• Status: One of the chief benefits of automated prior authorization technology should be that it should free staff from having to continuously scan the patient portal to see whether a prior authorization request has been approved. Upon approval, the technology should automatically send a notification with key information, such as approval number, valid dates and an archived screen capture of the authorization details. For audit purposes, the system also should automatically attach the documentation to the patient’s record in the EHR.

Data integration

On another front, in a recent survey, 75% of financial leaders at healthcare organizations said they were planning to invest in technology to help achieve performance improvement and cost transformation goals within the next two years.

“They are feeling that pressure to invest because they recognize the need to dig deeper and deploy more sophisticated analytics and drive cost savings,” said Kermit S. Randa, CEO of Kaufman Hall Software, a vendor of enterprise performance management software and data and management consulting services. “They are right to do so, but reducing costs and improving financial performance is not only a matter of investing in technology – healthcare organizations need to connect and analyze key data to realize significant improvement.”

"With so much data available in one place, it could be a challenge to figure out where to focus and identify top opportunities for improvement – this is where comparison data comes into play."

Kermit S. Randa, Kaufman Hall Software

Data integration makes information available faster and helps build trust in the accuracy of costing data, he said. Seamlessly sharing data across systems also removes the very real risk of human error when information flows securely without manual re-keying, he added.

“To better understand costs across entities, healthcare organizations need to bring together data from various software systems – financial and clinical – as well as across hospitals, clinical medical groups and other associated entities,” he said. “This improves the overall validity of costing data and lays the foundation for analyzing opportunities to reduce costs.”

Once the right data sources are connected, organizations need to adjust costing data based on specialties, he advised.

“To do that, they can use technology to accurately allocate shared costs against different provider settings,” he said. “Of course, with so much data available in one place, it could be a challenge to figure out where to focus and identify top opportunities for improvement – this is where comparison data comes into play.”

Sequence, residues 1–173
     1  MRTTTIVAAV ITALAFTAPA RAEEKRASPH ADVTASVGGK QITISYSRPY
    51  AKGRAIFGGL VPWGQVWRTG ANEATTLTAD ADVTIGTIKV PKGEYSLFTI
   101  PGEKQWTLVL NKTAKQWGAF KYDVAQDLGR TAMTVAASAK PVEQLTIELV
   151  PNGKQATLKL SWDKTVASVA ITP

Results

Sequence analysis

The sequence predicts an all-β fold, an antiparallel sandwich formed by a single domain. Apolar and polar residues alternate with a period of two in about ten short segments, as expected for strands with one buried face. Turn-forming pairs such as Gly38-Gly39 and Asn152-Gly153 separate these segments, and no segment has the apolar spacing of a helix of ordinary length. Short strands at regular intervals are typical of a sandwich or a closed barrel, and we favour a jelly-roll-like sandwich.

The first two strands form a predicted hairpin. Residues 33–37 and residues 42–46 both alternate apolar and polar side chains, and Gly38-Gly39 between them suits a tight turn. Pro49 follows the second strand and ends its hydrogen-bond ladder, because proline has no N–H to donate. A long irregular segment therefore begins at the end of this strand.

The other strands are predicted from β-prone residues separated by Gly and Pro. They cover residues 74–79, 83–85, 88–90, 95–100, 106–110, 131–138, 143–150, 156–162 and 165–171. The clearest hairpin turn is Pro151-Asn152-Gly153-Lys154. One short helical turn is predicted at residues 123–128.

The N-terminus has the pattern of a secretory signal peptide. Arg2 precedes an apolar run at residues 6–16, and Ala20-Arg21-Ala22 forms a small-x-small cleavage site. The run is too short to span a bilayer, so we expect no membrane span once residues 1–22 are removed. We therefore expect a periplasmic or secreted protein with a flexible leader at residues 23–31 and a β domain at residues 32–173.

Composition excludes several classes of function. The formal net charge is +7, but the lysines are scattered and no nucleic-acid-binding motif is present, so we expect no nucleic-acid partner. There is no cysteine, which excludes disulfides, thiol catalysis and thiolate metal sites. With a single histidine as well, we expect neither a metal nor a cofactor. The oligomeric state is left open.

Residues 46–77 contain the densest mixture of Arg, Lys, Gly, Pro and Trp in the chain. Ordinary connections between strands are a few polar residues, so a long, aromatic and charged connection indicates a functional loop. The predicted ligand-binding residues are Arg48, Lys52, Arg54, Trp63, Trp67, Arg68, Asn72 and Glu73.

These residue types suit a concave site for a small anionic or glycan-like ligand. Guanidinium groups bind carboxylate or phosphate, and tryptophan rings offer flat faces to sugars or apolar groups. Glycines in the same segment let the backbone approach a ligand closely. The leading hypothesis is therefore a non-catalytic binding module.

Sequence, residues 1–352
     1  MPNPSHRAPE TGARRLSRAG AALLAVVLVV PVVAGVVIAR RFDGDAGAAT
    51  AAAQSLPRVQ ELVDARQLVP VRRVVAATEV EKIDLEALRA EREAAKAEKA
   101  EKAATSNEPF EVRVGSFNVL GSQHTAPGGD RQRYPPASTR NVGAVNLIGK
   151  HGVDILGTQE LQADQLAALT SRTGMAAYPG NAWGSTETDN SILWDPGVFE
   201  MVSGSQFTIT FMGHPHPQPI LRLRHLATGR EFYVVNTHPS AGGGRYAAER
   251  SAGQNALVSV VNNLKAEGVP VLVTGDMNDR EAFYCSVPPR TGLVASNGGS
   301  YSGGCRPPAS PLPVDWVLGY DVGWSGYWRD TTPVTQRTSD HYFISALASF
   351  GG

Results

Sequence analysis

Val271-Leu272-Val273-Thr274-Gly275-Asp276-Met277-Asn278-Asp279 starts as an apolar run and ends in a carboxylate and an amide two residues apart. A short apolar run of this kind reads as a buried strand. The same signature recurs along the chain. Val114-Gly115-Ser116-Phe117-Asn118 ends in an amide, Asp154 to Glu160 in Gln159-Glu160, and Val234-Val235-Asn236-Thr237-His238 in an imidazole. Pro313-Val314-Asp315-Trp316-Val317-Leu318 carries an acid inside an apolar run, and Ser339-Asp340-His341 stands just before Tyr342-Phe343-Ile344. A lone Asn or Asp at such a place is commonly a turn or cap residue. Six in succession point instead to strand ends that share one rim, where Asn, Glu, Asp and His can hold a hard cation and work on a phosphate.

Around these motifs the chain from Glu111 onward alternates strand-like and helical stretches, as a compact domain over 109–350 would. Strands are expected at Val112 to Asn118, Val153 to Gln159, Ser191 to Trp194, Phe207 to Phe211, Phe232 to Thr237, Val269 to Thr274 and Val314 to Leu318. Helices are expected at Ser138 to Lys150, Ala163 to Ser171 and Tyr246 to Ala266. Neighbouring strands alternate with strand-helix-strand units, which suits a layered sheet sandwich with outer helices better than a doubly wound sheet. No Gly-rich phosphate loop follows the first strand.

Using one’s own data to compare performance can identify the low-hanging fruit of improvement opportunities: broadly applying tactics that are proven efficient and effective.

“For instance, are wait times shorter at one outpatient center than another, or how do costs compare across facilities or departments?” Randa pointed out. “Take a deeper look into what the more efficient facility does and then train others to apply those effective processes across your organization.”

Hospitals and health systems also can compare data to determine which businesses and service lines are cost leaders in the market.

“They then can drive patients to these services while simultaneously developing corrective actions to become leaders in the other services,” he said. “Using data to compare information in this way goes beyond traditional benchmarking by empowering organizations to really understand the ‘why’ behind the ‘what’ – or why they are lagging in a certain area and where to focus their energies.”

The comparative analytics capabilities available today are far superior to traditional benchmarking tools used decades ago because today’s technology provides a more comprehensive view of an organization’s competitive position and health, Randa said. By leveraging machine learning and other advanced data tools, organizations have access to the data-based insights they need to focus on how to improve performance and drive growth, he said.

Actionable data analysis

Randa expounds on another best practice suggestion for optimizing healthcare financial information systems.

“Most healthcare organizations are hyper-focused on cost reduction – it’s the top priority at 85% of organizations, according to one report – but the same data-based processes that help organizations reduce costs can also help drive clinical quality improvement and revenue optimization,” he said. “It’s sort of a three-legged stool of performance improvement all built on actionable data analysis.”